The Cost of Epilepsy in the United States: An Estimate from Population-Based Clinical and Survey Data
Article first published online: 2 AUG 2005
Volume 41, Issue 3, pages 342–351, March 2000
How to Cite
Begley, C. E., Famulari, M., Annegers, J. F., Lairson, D. R., Reynolds, T. F., Coan, S., Dubinsky, S., Newmark, M. E., Leibson, C., So, E. L. and Rocca, W. A. (2000), The Cost of Epilepsy in the United States: An Estimate from Population-Based Clinical and Survey Data. Epilepsia, 41: 342–351. doi: 10.1111/j.1528-1157.2000.tb00166.x
- Issue published online: 2 AUG 2005
- Article first published online: 2 AUG 2005
- Accepted November 15, 1999.
- United States;
Summary: Purpose: To provide 1995 estimates of the lifetime and annual cost of epilepsy in the United States using data from patients with epilepsy, and adjusting for the effects of comorbidities and socioeconomic conditions.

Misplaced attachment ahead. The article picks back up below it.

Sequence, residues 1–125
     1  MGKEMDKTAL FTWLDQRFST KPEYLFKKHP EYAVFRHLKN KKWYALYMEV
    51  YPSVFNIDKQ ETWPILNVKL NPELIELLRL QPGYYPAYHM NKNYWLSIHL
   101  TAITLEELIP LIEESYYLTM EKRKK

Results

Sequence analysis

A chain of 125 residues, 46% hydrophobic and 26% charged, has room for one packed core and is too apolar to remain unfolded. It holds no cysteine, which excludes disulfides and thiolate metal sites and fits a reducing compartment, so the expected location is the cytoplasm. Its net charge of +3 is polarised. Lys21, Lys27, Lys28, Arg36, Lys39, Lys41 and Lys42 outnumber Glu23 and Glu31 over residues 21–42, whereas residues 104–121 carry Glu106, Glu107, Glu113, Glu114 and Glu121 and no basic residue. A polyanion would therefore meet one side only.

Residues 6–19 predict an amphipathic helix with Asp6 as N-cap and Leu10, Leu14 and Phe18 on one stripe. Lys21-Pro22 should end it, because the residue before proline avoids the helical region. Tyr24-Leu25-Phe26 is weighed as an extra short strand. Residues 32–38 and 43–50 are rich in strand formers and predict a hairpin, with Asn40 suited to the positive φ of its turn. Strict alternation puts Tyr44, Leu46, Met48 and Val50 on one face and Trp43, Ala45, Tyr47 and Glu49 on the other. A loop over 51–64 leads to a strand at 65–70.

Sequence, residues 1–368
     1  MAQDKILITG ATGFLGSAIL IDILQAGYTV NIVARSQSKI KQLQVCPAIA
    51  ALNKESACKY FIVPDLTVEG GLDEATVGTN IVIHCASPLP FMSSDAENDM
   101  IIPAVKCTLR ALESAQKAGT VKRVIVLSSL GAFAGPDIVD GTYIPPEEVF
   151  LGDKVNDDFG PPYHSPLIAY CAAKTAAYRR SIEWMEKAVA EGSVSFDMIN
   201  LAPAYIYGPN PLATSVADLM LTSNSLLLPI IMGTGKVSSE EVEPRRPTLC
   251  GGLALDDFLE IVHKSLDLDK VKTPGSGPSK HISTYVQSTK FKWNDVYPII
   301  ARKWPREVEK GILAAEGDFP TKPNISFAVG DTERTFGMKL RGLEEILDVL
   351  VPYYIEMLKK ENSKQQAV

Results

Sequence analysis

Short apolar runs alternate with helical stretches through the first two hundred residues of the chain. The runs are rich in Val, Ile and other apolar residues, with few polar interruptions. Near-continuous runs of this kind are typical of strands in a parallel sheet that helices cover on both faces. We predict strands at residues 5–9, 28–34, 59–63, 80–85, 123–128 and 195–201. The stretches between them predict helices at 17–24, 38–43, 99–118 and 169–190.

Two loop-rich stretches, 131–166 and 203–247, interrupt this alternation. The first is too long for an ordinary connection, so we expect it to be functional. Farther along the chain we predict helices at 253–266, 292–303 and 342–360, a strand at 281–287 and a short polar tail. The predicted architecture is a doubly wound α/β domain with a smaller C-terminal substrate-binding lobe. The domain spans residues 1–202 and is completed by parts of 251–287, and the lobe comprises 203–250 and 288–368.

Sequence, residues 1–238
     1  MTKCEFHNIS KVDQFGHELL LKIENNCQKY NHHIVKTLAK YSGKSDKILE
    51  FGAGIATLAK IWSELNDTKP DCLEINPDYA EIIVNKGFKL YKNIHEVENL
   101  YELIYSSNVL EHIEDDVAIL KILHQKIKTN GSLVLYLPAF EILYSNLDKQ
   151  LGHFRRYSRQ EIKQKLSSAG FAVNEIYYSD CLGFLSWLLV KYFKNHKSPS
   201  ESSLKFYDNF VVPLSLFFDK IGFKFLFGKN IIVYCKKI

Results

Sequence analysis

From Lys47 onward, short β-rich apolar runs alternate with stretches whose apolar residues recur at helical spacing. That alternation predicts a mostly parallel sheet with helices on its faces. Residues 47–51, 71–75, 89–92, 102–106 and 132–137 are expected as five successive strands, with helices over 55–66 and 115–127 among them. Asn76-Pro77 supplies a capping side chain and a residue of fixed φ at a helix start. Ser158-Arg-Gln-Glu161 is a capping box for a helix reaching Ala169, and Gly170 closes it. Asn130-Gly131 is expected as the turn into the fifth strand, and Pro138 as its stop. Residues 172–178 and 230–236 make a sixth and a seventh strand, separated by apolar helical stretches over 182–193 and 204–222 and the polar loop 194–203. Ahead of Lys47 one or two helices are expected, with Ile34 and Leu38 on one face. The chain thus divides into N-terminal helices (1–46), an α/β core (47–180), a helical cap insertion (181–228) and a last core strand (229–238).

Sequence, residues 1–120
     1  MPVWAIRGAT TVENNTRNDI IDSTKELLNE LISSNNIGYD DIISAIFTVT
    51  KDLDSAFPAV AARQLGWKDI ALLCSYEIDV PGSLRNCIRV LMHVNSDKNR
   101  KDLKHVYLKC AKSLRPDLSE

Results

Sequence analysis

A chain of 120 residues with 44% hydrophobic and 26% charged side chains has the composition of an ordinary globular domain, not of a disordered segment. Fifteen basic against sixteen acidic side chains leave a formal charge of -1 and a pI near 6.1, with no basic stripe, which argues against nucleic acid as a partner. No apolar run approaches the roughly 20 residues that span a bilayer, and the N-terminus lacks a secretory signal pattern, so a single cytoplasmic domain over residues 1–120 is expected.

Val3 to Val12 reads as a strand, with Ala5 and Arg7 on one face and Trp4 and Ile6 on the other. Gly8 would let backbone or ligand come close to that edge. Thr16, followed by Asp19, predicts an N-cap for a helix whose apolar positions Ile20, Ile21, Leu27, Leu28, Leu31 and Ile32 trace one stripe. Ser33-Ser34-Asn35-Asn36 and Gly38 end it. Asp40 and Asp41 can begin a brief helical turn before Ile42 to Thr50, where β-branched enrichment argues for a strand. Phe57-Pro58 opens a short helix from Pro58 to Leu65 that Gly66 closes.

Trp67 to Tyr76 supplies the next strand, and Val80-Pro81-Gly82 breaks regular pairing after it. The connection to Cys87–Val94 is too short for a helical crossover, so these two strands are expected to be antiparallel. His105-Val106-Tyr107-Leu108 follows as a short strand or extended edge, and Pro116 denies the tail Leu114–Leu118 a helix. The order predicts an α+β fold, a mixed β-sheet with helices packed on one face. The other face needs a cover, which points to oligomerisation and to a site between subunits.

Methods: Direct treatment-related costs of epilepsy from onset through 6 years were derived from billing and medical chart data for 608 population-based incident cases at two sites in different regions of the country. Indirect productivity-related costs were derived from a survey of 1,168 adult patients visiting regional treatment centers. Direct costs separate the effects of epilepsy and comorbidity conditions. Indirect costs account for the effects of other disabilities and socioeconomic conditions on foregone earnings and household activity. The estimates were applied to 1995 population figures to derive national projections of the lifetime and annual costs of the disorder.
Results: The lifetime cost of epilepsy for an estimated 181,000 people with onset in 1995 is projected at $11.1 billion, and the annual cost for the estimated 2.3 million prevalent cases is estimated at $12.5 billion. Indirect costs account for 85% of the total and, with direct costs, are concentrated in people with intractable epilepsy.
Conclusions: Direct costs attributable to epilepsy are below previous estimates. Indirect costs adjusted for the socioeconomic conditions of patients are above previous estimates. Findings indicate that epilepsy is unique in the large proportion of costs that are productivity-related, justifying further investment in the development of effective interventions.